There are two areas of focus available at the MA level:
- MA leading to professional certification in speech-language pathology
Professional Certification Focus
The master's degree program leading to professional certification in speech-language pathology (MA-SLP) is designed to provide a theoretically and clinically rich path for students planning to work as speech-language pathologists in medical, educational, and private practice settings. Students in the MA-SLP program are provided with a strong foundation of theoretical and clinical knowledge through their coursework and clinical experiences.
Students completing the MA-SLP program obtain a Master of Arts degree from the University of Colorado and are eligible to receive the Certificate of Clinical Competence in speech-language pathology from the American Speech-Language-Hearing Association (ASHA) upon successful completion of the clinical fellowship year and the national PRAXIS examination. Students can also apply for Colorado State Licensure to work in the public schools.
The master's program with a research focus allows students to design their own master's degree in SLHS in any topic related to speech, language or hearing sciences. This degree does not result in clinical certification. Working with an advisor, students design a plan of study, with coursework within SLHS and from other departments. A master's thesis is required.
Professional Certification Focus
The master's program with a professional certification focus is a two-year (24-month) program that culminates in one or two internships and either successful passage of the comprehensive exam or completion of a thesis. The program consists of an initial summer intensive session beginning in early August and ends in late July two years later. Students are enrolled for August intensive, fall year 1, spring year 1, summer year 1, fall year 2, spring year 2, and summer year 2.
Within departmental and ASHA guidelines, master's students with a focus in speech-language pathology complete a core set of seminars and clinical assignments that assure at least minimal competence in the full scope of practice for speech-language pathologists. In addition, students complete at least three of six electives that provide the opportunity to develop greater knowledge and skills in areas of specific interest. Clinical assignments are initiated in the on-site Speech, Language and Hearing Center; later, student input is obtained in making off-campus clinical assignments in educational and medical settings.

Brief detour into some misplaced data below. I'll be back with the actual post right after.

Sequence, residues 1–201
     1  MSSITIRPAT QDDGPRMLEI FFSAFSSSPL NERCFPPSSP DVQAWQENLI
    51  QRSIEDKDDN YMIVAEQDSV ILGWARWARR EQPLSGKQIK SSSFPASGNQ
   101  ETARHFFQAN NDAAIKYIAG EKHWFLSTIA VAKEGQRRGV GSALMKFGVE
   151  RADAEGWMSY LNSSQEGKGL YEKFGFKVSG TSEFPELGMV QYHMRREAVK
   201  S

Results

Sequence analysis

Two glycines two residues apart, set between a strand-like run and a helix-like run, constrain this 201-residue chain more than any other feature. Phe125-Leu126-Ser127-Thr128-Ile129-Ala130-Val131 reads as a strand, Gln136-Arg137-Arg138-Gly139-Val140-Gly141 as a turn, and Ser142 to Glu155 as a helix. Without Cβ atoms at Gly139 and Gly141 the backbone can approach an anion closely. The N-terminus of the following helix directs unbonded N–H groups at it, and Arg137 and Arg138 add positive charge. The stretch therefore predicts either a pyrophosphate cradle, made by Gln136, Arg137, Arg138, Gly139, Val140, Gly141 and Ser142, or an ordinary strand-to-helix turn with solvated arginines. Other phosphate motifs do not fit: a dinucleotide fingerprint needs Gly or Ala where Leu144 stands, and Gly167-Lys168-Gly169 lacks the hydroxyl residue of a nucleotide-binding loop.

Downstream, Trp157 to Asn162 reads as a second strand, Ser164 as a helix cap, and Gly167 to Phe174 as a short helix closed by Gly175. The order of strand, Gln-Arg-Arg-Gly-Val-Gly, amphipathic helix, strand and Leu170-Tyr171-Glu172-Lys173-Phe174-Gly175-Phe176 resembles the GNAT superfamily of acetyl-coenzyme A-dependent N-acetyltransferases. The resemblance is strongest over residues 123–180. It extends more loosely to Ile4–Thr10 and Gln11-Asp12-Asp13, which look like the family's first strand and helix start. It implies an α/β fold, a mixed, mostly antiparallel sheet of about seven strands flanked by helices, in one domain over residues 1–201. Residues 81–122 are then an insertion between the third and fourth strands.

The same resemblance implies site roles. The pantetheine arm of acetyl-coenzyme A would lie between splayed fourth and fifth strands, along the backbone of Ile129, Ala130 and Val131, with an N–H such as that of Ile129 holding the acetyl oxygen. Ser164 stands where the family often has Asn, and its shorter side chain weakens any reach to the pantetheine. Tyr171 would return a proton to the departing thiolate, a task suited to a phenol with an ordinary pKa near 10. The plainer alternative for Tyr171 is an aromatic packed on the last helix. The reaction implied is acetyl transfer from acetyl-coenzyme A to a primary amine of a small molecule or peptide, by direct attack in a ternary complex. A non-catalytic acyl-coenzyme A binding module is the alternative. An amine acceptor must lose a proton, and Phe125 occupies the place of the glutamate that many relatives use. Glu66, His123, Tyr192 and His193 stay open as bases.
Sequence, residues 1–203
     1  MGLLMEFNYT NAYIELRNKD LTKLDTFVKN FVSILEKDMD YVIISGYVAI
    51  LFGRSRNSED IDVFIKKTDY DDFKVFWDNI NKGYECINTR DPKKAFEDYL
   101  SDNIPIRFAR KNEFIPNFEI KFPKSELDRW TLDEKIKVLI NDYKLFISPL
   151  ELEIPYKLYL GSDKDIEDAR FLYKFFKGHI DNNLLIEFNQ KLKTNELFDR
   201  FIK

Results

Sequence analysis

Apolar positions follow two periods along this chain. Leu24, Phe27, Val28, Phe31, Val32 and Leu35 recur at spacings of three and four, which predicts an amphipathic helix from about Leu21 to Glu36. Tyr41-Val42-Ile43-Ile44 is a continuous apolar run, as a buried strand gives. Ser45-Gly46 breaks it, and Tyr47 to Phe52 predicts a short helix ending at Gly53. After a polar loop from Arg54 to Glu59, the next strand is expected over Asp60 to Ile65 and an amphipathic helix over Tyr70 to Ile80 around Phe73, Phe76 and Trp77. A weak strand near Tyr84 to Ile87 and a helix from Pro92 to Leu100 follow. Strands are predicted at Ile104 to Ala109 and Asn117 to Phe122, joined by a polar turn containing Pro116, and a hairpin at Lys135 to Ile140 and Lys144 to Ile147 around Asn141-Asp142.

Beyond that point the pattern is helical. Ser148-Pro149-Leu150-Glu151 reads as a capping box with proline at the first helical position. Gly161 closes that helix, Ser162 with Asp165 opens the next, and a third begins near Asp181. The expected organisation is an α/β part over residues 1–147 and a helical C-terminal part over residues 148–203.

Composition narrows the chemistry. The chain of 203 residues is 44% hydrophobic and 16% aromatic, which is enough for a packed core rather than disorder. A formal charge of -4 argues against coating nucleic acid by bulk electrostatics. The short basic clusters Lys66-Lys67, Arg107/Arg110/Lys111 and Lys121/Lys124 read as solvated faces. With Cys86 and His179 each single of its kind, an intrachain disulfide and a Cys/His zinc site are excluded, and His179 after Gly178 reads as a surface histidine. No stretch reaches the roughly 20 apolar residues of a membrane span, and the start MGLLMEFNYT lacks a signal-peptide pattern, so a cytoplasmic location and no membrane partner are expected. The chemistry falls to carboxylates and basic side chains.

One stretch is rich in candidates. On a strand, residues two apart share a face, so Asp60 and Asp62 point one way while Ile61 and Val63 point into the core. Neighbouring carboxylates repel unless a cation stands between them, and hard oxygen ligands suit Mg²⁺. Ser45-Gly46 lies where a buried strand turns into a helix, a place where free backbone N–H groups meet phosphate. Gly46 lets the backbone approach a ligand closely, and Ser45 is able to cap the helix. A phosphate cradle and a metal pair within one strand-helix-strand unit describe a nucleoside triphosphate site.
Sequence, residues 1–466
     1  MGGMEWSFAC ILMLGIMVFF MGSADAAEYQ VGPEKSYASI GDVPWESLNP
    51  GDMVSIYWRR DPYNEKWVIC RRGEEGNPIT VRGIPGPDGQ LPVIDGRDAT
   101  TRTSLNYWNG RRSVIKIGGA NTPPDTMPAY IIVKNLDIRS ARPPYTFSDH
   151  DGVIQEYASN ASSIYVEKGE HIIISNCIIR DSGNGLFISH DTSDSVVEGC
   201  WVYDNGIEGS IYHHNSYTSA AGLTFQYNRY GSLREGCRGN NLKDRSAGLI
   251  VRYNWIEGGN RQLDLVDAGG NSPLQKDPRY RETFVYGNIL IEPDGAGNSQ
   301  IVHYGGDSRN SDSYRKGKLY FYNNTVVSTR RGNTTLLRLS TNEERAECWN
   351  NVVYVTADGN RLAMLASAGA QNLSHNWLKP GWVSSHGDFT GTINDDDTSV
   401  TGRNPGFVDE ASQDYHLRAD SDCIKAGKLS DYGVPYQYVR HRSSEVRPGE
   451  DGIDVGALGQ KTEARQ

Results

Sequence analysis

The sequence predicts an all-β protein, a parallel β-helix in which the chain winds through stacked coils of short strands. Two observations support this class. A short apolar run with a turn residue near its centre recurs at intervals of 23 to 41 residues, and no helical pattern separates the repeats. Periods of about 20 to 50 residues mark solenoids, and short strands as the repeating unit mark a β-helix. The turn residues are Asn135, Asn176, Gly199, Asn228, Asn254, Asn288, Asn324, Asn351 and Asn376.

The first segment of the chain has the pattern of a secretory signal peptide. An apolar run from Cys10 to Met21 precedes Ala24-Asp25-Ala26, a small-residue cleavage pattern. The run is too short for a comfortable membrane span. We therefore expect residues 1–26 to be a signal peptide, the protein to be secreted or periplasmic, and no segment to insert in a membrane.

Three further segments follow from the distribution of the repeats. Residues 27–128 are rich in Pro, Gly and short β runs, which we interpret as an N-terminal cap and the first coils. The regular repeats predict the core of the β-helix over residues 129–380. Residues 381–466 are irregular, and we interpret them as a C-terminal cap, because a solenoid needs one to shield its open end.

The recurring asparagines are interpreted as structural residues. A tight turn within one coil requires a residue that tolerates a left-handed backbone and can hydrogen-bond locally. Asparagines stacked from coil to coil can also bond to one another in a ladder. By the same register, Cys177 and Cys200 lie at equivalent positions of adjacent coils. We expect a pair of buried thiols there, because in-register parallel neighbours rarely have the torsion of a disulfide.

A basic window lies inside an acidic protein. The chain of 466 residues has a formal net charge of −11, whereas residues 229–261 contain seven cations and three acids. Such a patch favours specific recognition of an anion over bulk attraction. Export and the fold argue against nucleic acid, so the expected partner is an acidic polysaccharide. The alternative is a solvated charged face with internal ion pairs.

Students with an undergraduate degree in speech-language pathology and audiology can expect to complete the program in two calendar years (see the MA-SLP webpage). Those without such a background are required to make up undergraduate deficiencies, which normally require at least an additional 18 credit hours of courses in speech, language and hearing sciences and related disciplines.
Students must meet standards for both academic and clinical competence, as well as professional conduct. Full-time graduate study is required.
The research focus is designed for students who are not seeking clinical certification.
Working with an advisor, students design a plan of study with coursework from SLHS and other departments. A master’s thesis is required. The non-clinical master's degree in SLHS requires 30 credit hours of graduate coursework, with four to six credit hours devoted to the master's thesis. For more information, visit the Thesis Option webpage.
At least 24 hours must be completed at the 5000 level or above. A maximum of 6 credit hours may be completed at the 3000 or 4000 level at the discretion of the academic department. Students may be able to transfer up to 9 credit hours of graduate credit towards this degree. The non-clinical master's degree requires close work with a faculty member of your choosing. Students interested in pursuing this degree option are encouraged to talk with SLHS faculty members who share their interests before applying (see the Meet Us webpage).
|SLHS 5112||Clinical Practice I||2|
|SLHS 5342||Counseling in Speech-Language Pathology||2|
|SLHS 5242||Language Disorders in School Age Children||3|
|SLHS 5602||Communication Challenges in Children: Birth to Six||3|
|SLHS 5252||Acquired Language Disorders in Adults||3|
|SLHS 5012||Evidence-based Practice and Research Methods||3|
|SLHS 5332||Voice Disorders||2|
|SLHS 5898||Practicum 1: Speech-Language-Learning Diagnosis, Assessment, and Intervention||1-4|
|SLHS 5302||Articulation and Phonological Disorders||3|
|SLHS 5362||Fluency Disorders||3|
|SLHS 5612||Language Learning Disabilities||3|
|SLHS 5282||Acquired Cognitive Disorders||3|
|SLHS 5292||Neurogenic Speech Disorders in Adults||3|
|SLHS 5122||Clinical Practice II: Assessment and Treatment Planning||1|
|SLHS 5142||Clinical Practice III: Clinical Practice in Medical and Private Practice Settings||1|
|SLHS 5576||Neuroanatomy and Neurophysiology of Communication||3|
|SLHS 5372||Cleft and Resonance: Fundamentals for Evaluation and Treatment||1|
|SLHS 5352||Bilinguals with Communication Disorders||3|
|SLHS 5555||Advanced Topics in Social Communication: Autism Spectrum Disorders||3|
|SLHS 5632||Special Clinical Focus in Speech-Language Pathology||1-3|
|SLHS 6642||Development and Intervention in Childhood Hearing Loss||3|
|SLHS 5272||Augmentative Alternative Communication: Theory and Use||1|
|SLHS 6918||Practicum 2: Speech-Language-Learning Internship||7|
|SLHS 6928||Practicum 2: Public School Internship||1-7|